There are mornings when I wake up and feel for something different from the usual cereal and milk. This morning was like that, I wanted something a little more exciting for my taste buds; something that would make my whole mouth say "WOW!". And I had just the thing in mind Saltfish Buljol.
This is another of Trinidad's no hassle dishes passed on from generations, where the less time spent in the kitchen, cooking meals, meant that there was more time to do something else around the house or garden etc. The only ingredient that is cooked in this dish is the saltfish, and frankly it ought to be cooked; it is really salty. And then there is the heavy amount of pepper that is usually added to this dish.
According to "Cote Ci, Cote La: Trinidad and Tobago Dictionary" by John Mendes (1986), Buljol comes from the French Patois "Brule Gueule," or "burn mouth," or as we say in Trini "b'un mout'" (burn mouth) and I could understand why. Buljol is supposed to be peppery hot; it not only burns the mouth, but the lips and the throat, and a few hours later .... ha, ha.... But that really depends on how much pepper you put in it. So for the soft mouth people who can't handle the burn, you can use less pepper (and still enjoy this tasty meal). Again, I always like to encourage people to experiment and let their taste buds be their guide.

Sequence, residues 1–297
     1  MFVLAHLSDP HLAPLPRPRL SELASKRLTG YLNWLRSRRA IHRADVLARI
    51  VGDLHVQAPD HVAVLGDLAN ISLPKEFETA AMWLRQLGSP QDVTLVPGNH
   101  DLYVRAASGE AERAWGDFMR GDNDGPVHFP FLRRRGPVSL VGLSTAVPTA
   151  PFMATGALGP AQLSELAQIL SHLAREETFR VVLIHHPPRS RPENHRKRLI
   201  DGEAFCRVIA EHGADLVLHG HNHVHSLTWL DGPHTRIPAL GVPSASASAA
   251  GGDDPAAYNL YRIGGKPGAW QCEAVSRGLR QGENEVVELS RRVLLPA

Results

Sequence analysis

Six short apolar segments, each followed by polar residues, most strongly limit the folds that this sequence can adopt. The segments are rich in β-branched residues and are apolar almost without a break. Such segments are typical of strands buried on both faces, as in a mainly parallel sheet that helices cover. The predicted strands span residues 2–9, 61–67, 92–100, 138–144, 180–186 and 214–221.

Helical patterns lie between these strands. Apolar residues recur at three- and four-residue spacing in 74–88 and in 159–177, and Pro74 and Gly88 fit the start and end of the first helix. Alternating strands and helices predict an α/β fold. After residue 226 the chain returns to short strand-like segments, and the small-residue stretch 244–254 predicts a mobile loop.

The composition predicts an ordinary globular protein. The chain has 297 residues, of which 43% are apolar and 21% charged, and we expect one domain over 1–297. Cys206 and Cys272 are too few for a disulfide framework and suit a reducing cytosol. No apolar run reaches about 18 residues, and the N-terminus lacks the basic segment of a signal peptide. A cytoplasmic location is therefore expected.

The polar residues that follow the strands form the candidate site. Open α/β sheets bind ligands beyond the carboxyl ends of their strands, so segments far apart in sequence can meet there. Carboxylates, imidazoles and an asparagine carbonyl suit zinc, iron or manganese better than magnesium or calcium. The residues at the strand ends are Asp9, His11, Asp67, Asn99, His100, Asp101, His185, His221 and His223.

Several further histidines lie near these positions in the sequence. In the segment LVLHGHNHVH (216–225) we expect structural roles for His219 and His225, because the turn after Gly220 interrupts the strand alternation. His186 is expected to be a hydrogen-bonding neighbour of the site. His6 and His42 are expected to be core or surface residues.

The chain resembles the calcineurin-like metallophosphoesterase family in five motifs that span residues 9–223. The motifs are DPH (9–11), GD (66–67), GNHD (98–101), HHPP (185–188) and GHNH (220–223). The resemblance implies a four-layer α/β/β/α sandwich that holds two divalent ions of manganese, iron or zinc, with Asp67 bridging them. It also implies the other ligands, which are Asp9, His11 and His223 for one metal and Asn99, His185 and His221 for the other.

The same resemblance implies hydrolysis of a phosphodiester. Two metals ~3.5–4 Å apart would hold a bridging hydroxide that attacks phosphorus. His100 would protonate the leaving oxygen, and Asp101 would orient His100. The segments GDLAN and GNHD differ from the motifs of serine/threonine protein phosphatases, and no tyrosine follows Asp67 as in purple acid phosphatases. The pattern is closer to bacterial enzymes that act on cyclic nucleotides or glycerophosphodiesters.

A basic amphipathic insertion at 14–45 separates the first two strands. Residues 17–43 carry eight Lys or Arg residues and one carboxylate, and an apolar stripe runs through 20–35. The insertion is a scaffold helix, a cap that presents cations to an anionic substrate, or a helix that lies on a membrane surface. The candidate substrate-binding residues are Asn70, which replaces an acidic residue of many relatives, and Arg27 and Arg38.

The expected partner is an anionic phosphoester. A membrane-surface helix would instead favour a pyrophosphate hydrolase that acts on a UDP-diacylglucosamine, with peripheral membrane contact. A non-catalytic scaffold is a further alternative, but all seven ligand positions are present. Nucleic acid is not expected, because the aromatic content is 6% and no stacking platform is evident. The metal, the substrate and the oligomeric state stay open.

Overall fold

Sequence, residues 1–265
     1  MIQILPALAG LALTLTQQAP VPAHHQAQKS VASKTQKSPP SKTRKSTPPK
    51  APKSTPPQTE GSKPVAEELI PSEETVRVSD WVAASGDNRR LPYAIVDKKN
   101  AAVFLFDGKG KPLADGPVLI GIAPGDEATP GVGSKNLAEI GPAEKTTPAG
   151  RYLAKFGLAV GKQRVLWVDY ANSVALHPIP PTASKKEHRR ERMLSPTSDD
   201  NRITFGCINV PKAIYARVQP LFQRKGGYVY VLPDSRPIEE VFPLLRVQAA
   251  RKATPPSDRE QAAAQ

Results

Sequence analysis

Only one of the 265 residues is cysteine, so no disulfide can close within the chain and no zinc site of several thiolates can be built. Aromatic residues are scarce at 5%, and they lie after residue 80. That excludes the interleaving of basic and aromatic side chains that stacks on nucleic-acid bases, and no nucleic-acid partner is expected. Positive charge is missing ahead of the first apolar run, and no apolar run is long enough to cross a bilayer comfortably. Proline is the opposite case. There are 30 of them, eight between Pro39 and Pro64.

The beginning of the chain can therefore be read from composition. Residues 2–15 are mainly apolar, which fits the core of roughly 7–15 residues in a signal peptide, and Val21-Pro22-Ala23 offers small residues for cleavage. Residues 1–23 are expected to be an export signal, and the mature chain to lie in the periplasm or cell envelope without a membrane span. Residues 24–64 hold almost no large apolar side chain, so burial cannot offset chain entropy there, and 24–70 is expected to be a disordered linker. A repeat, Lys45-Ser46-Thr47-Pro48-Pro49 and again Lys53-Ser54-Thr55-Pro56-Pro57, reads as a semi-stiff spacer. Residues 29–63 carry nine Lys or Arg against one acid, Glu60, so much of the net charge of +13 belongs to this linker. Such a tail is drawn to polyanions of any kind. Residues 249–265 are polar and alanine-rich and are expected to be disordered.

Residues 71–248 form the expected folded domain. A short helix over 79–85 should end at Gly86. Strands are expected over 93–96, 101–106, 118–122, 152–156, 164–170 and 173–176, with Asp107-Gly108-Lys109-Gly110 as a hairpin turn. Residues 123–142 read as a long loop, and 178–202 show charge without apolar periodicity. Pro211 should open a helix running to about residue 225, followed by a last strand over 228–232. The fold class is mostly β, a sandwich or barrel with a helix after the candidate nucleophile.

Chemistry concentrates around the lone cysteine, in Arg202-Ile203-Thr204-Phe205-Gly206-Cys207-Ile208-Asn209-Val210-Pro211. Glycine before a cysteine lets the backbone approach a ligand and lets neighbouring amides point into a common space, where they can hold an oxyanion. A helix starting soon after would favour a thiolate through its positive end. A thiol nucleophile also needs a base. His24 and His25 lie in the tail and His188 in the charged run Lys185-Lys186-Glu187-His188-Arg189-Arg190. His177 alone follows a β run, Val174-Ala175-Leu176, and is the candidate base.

Buljol goes great with coconut bake , roast bake or even a hot sada roti; you could try a hops bread (you can try my multigrain hops bread as well) or a few CRIX crackers. No matter how you want to eat your buljol remember this, your mouth would say "wow" at the explosion of taste sensations in your mouth, while eating.
A Little bit about Saltfish
Saltfish is not as healthy as baked or boiled fish because it has added salt to preserve it. The fish is salted and dried to keep from spoiling; however its nutrients (as it is high in protein and low in fat) is still preserved. It is thus not necessary to refrigerate saltfish. Once you are cooking saltfish, you first have to either soak it in hot water overnight, or boil it in water for about 15 to 30 minutes in order to remove the excess salt and rehydrate the salt. You are then ready to make good use of the saltfish in any recipe.
½ lb saltfish (salted pollock or shark )
1 medium-size onion, chopped
2 tablespoon hot pepper sauce or half a hot pepper (or add pepper to taste)
1 sprig chive chopped
½ lemon or 1 lime
2 tablespoon olive oil
3 medium sized tomatoes chopped
Boil, clean and debone the Saltfish .
Break into small pieces and wash to take out excess salt.
Take up handfuls of saltfish and squeeze out water.
My mouth did burn me a little and it went well with the two hops bread. Now I have to go look for something to drink. See you soon... Of course, Sunday I'm taking a rest as usual, so see you Monday!
- ½ lb saltfish salted pollock or shark
- 1 medium-size onion chopped
- 2 tablespoon hot pepper sauce or half a hot pepper or add pepper to taste
- 1 sprig chive chopped
- ½ lemon or 1 lime
- 2 tablespoon olive oil
- 3 medium sized tomatoes chopped
- Boil, clean and debone the Saltfish. Break into small pieces and wash to take out excess salt. Take up handfuls of saltfish and squeeze out water.
- In a separate bowl add onion, chive, tomatoes, olive oil, lemon juice and pepper to saltfish and mix thoroughly.
- Refrigerate or serve right away.